9/11 Museum & Memorial Facts

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The 9/11 Memorial in New York City commemorates the tragic events of 11 September 2001. 

Did you know that some first responders are still suffering physical ailments due to the toxins that surrounded them while rescuing those stuck in the burning towers?

Or that the aftermath of the attacks produced 1.8 million tons of wreckage! It took workers nine months to clear the wreckage.

Here are some 9/11 Memorial facts that will leave an impression:

1. The Majority of the Museum is Underground

Unlike most museums, this one is primarily underground. 

An entrance ramp will take you 70 feet down to the bottom, where you will find a massive empty hall once a part of the North Tower. 

The intentional emptiness is intended to evoke a sense of absence and loss for the attack’s victims.

Discover more about the 9/11 Museum.

2. Last Column and Slurry Wall

Last Column and Slurry Wall
Image: Facebook.com

The Slurry Wall is the remains of a wall that survived the 9/11 terrorist attacks. 

It’s been cleverly incorporated into the design of Foundation Hall to represent survival and determination.

Another significant artifact is the Last Column, a 36-foot piece of steel recovered from the site cleanup in May 2002. It was the final item retrieved from the area.

3. Visitors Can Share Their Own Voice Experiences

Visitors Can Share Their Own Voice Experiences
Image: Facebook.com

The ‘Reflecting on 9/11’ gallery section of the Museum is commendable, with visitors able to record their 9/11 memories in a video booth. 

Each individual’s story is recorded and eventually added to the Museum’s oral history collection. 

Some of these are even used in media presentations frequently shown to the public.

4. Reflecting Absence

The design of the 9/11 Memorial, titled “Reflecting Absence,” features two enormous reflecting pools set within the footprints of the original Twin Towers. 

These pools, each nearly an acre in size, symbolize the void left by the destruction of the towers and serve as serene memorials to the victims of the attacks.

Set on a journey through history’s defining moments with your 9/11 Museum tickets.

5. The Twin Towers Live On…

The original World Trade Center structures are hidden in the depths of the Memorial and all over America.

More than 1,800 pieces of steel from the rubble of the destroyed Twin Towers were handed over to the Port Authority of New York.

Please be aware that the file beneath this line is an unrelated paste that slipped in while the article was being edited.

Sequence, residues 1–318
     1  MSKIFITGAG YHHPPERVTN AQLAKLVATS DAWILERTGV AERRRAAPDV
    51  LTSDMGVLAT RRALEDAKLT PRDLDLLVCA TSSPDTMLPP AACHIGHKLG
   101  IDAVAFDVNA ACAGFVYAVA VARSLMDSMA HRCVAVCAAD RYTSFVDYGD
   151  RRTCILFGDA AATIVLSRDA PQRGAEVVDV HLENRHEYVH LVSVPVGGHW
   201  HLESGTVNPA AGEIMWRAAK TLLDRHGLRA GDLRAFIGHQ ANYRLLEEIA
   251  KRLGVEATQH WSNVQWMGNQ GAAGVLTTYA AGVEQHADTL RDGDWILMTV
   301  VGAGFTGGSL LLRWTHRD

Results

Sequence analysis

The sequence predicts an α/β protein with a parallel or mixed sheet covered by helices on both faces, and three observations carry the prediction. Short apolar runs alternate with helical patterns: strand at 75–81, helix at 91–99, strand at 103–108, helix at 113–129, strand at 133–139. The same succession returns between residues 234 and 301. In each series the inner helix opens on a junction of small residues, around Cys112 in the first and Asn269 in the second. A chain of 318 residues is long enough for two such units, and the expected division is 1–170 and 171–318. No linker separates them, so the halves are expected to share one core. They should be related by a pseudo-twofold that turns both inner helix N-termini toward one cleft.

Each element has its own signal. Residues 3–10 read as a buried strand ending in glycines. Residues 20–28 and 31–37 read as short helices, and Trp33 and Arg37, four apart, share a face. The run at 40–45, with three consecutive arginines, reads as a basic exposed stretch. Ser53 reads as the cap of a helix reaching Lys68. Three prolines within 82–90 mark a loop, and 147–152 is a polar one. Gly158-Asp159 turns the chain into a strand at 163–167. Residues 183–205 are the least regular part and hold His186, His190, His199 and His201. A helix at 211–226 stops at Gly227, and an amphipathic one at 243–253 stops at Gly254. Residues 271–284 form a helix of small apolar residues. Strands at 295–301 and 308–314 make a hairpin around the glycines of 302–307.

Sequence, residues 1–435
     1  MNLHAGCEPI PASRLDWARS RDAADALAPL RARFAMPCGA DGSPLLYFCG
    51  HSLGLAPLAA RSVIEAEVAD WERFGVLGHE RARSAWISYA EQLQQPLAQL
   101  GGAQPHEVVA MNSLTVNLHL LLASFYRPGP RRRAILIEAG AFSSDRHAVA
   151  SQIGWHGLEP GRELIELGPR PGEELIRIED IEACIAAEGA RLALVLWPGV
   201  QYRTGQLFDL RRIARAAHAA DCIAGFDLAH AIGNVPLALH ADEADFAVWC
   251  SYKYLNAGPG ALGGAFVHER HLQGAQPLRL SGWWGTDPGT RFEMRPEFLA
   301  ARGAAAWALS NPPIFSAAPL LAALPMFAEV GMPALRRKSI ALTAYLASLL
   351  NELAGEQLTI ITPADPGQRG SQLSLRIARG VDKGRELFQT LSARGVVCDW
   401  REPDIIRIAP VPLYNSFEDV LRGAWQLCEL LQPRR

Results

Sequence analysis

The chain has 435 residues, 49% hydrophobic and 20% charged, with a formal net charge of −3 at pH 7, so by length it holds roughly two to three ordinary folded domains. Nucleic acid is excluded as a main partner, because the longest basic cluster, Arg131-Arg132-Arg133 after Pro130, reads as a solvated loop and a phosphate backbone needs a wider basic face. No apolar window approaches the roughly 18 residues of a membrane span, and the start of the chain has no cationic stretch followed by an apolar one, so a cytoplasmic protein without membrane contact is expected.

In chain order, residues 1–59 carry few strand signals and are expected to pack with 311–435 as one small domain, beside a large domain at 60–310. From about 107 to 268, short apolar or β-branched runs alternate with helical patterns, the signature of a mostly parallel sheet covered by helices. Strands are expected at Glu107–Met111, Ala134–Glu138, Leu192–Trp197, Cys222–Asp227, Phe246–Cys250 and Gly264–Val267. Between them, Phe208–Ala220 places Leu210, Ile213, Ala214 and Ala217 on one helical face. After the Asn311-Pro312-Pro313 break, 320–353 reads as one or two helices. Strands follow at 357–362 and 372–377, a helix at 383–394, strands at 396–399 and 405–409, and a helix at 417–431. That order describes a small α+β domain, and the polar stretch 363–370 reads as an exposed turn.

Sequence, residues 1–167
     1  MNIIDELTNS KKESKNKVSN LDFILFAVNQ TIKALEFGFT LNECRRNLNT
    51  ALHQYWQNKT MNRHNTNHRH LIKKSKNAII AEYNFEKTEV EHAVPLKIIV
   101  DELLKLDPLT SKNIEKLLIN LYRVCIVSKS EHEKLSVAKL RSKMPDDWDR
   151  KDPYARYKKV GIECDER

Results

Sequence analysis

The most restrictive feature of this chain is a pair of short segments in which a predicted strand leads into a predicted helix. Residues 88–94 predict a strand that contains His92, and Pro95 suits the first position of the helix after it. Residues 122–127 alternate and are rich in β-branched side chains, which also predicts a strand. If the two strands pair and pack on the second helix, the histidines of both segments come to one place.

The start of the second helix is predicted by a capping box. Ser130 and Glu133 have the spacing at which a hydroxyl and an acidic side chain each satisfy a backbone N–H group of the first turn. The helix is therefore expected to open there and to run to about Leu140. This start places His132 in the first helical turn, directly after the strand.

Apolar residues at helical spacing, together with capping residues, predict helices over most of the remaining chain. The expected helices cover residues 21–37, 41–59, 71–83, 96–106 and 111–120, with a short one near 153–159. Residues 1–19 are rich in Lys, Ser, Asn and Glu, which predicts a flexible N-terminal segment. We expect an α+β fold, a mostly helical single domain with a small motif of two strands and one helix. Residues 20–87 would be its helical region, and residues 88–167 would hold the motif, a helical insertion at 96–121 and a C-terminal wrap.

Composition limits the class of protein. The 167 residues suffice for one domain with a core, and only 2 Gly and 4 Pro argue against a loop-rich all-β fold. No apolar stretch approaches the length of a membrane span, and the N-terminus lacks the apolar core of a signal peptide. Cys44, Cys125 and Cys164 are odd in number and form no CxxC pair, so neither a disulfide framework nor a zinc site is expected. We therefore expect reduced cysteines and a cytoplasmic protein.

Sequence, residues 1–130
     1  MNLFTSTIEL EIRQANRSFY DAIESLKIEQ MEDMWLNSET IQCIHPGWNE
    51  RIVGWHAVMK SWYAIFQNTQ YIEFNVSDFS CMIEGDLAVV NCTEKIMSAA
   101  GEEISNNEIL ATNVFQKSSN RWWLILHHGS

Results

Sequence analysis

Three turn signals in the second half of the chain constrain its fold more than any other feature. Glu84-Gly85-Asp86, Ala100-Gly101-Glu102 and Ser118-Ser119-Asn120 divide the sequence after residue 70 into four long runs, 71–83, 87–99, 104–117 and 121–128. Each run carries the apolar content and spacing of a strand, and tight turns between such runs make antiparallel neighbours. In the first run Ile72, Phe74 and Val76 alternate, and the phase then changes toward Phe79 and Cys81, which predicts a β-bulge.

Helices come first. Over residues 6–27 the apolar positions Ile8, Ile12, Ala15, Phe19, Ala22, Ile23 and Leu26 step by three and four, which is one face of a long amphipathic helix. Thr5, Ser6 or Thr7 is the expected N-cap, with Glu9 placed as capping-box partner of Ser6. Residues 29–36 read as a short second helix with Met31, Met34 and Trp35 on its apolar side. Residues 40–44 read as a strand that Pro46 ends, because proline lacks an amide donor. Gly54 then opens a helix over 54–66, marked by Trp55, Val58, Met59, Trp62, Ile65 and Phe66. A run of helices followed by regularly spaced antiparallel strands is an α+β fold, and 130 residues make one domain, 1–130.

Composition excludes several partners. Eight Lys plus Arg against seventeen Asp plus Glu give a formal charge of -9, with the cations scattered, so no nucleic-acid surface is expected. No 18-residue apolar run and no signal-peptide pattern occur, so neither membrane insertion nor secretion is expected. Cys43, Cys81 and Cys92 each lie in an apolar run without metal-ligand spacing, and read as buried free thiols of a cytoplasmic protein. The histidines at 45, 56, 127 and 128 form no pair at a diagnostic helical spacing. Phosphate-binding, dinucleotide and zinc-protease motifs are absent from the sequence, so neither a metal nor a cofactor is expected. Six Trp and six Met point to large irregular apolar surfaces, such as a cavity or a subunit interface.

The Port Authority distributed the steel scraps to the fire and police departments, libraries, small-town museums, military and veteran organizations, local governments, and other interested groups.

The WTC steel is also present in other memorials in various countries, including South Korea and Canada!

Check out this Bloomberg article mapping the fate of the WTC steel scraps. 

6. Flight 93

Flight 93
Image: Facebook.com

United Airlines Flight 93 was among the four planes hijacked during the tragic events of 9/11. 

In a remarkable act of bravery, once passengers on board learned of the previous attacks and heroically attempted to regain control of the aircraft from the hijackers. 

In response, the hijackers deliberately crashed the plane into a field in Somerset County, Pennsylvania, instead of following their plan, which was to strike the White House.

This tragic crash resulted in the loss of all 44 individuals aboard, including the hijackers.

A memorial honoring the victims of Flight 93 was constructed in a field in Stoystown, Pennsylvania, and visitors can see the remnants of this plane in the 9/11 Museum.

7. America’s Largest Man-Made Waterfalls

Above the museum are two of the country’s largest artificial waterfalls, which cascade into two large reflecting pools. 

The Twin Pools mark the locations of the former North and South Towers. 

The waterfalls are approximately 30 feet in height, and 52,000 gallons of water run over the sides of the two pools every minute!

Sense the serene calmness at the 9/11 Memorial Museum while paying tribute to the lives lost. 
Check out tips for visiting the landmark on your New York trip.

8. The Globe

A beautiful bronze sculpture of a globe designed by a German artist, Fritz Koenig, adorned the space between the Twin Towers from 1971 to 2001.

The sculpture mostly survived the attacks and now resides in Battery Park.

9. Firsthand Knowledge

Firsthand Knowledge
Image: Facebook.com

Visitors can better understand the tragedy through the Museum’s daily talks and discussions. 

Every day around noon, a museum staff member talks about one specific artifact.

Furthermore, survivors or family members of victims share their experiences with the public as part of an initiative called “We Were There.”

10. Recordings and Artifacts

The museum displays things belonging to the victims of the attack, pictures and videos of the attack and its aftermath.

The rescue and recovery team collected innumerable artifacts. Only 10% of these are publicly displayed.

This includes wrecked emergency vehicles, photographing victims, and dramatic video of the attack and its aftermath.

The collection also contains over 2,000 oral testimonies and recordings that serve as firsthand oral histories.

Book your tickets now to gain insights and hear untold stories of the 911 Museum & Memorial, shedding light on the events that changed our world.

Featured Image: 911memorial.org

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